Safe workplaces save lives
Tuesday, 28 April is International Workers’ Memorial Day, remembering those workers who have been injured or killed at work and renewing the call for safe workplaces.
The right to a safe workplace is one of the most enduring achievements of the union movement.
It is a right that can mean the difference between returning home safely or death and injury at work.
Unions have fought for and won many protections to make sure coming home safely is a reality. Protections that have made jobs safer, saved hundreds of thousands of lives, and prevented many more injuries and illnesses in the workplace.
Still more work to be done to make our workplaces safe
However, too often workers are caught in the middle by government legislation that limits the role of unions in monitoring workplace safety.
Government statistics show that 185 Australians died in workplace accidents in 2014. Of those deaths, 32 occurred in Queensland.
Tragically, the transport and construction industries recorded the most fatalities. Age and experience are no protection against workplace death – the youngest worker was just 18, while the eldest was 85.
Marking Workers' Memorial Day
Workers' Memorial Day will be marked by an event in Brisbane on 28 April 2015 from 10am, to be held at Emma Miller Place in Roma Street.
We need governments that care about protecting workers
In many workplaces, it is reality that life-threatening risks that must be dealt with immediately to save the lives of workers, members of the public, workers in neighbouring premises and rescue personnel.
Fortunately the vast majority of employers work hard to observe and implement health and safety legislation. They know it costs financially, and publicly, if they are shown to be a negligent employer.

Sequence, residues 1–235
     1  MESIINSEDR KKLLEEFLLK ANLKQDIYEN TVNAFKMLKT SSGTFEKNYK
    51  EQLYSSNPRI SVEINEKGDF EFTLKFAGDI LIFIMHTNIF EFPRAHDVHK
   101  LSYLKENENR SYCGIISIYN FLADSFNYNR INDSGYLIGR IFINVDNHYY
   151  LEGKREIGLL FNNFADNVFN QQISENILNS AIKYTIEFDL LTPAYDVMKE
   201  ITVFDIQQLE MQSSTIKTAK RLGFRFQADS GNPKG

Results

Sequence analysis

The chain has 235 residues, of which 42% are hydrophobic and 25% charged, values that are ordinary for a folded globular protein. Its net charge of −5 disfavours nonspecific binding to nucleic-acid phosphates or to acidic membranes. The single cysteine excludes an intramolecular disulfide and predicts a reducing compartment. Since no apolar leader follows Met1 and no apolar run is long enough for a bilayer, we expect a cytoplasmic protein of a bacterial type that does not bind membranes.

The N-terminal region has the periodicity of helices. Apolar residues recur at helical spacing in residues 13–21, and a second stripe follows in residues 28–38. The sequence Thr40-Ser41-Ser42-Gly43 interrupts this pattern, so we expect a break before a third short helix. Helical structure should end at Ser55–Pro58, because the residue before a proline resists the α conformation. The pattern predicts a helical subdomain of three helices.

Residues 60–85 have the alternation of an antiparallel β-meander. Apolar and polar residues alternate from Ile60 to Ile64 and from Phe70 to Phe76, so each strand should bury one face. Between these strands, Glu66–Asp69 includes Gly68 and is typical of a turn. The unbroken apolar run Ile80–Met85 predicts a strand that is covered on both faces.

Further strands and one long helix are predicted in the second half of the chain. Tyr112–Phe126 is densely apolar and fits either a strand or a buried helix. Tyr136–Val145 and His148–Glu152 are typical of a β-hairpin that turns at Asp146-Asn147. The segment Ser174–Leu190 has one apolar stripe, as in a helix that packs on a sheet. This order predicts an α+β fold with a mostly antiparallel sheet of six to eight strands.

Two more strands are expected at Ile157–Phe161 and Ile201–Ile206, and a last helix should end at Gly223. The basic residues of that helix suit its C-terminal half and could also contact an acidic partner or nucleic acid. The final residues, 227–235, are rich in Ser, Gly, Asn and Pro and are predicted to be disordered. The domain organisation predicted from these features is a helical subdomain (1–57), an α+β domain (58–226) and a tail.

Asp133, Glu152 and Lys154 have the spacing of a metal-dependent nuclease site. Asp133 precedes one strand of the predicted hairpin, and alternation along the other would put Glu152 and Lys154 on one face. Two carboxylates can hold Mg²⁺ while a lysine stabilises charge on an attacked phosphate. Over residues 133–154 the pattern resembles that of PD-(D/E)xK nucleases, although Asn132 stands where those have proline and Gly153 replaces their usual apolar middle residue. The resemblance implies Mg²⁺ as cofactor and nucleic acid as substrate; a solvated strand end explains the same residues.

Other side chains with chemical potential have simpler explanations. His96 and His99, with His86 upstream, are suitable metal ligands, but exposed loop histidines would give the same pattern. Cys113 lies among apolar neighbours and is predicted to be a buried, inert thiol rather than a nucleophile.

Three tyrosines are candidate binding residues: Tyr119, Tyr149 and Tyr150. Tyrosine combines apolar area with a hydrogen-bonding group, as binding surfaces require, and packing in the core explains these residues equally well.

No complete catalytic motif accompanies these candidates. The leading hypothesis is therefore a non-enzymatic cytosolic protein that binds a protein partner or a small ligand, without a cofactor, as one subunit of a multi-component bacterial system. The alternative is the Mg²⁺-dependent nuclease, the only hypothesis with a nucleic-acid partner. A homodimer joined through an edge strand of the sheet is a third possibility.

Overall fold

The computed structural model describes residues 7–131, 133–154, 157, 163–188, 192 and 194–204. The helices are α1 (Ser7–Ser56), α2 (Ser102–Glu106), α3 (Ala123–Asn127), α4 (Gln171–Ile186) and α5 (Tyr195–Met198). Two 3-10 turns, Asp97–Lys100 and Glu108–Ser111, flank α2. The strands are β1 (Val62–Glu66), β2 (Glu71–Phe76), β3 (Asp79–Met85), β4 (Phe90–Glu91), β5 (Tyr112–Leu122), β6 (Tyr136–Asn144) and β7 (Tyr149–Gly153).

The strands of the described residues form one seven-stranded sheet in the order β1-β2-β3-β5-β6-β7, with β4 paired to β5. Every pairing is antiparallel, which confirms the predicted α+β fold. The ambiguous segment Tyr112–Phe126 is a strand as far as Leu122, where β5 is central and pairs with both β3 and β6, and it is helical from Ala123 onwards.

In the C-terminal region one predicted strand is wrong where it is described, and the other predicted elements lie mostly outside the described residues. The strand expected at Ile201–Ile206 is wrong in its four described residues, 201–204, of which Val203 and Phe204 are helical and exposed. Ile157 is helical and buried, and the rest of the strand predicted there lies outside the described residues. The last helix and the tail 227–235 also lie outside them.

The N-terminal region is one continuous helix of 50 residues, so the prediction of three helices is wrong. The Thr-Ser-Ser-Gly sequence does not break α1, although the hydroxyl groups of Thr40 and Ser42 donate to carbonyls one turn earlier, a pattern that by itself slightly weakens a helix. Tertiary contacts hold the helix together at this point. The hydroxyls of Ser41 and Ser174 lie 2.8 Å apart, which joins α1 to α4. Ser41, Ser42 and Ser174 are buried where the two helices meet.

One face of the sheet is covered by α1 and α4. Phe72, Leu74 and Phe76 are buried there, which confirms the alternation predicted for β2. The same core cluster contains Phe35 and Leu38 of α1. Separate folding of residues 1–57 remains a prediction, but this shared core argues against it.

However, governments must set the benchmarks for workplace safety – with the health and well-being of workers as the highest priority.
The federal government is attempting to reduce workers’ protections with plans to open up Comcare - the Commonwealth workers’ compensation scheme - to state employers. This could make state schemes uneconomic and lead to reduced numbers of inspectors and training courses for workplace safety.
The Newman LNP government led the way backwards in October 2013 when it ignored the findings of its own Parliamentary committee and decided to reduce protections and cut workers’ rights all to justify a promise to the business lobby.
Under these changes, the safety of employees at work was undermined by laws that required at least 24 hours prior notice by unions before they entering a workplace to inquire into a suspected safety breach.
Unions are still fighting the federal government's plans to diminish workers' protections but have had more success in Queensland, with the new Palaszczuk government committed to overturning the LNP’s damaging changes to the state’s WorkCover scheme.
It took a concerted combined unions campaign to make safety at work an issue in the 2015 state election.
Thousands of union members were involved in workplace and community activities, highlighting the importance of safety at work in the community.
This successful campaign shows the benefits of acting collectively to ensure workplace safety and protection of rights at work.
No matter the size of the challenge, it is important to keep fighting to ensure your workplace is safe for you and your workmates, and the public.
Workplace injury and death is an avoidable tragedy that no worker or family should have to bear. The price for safety is eternal activism.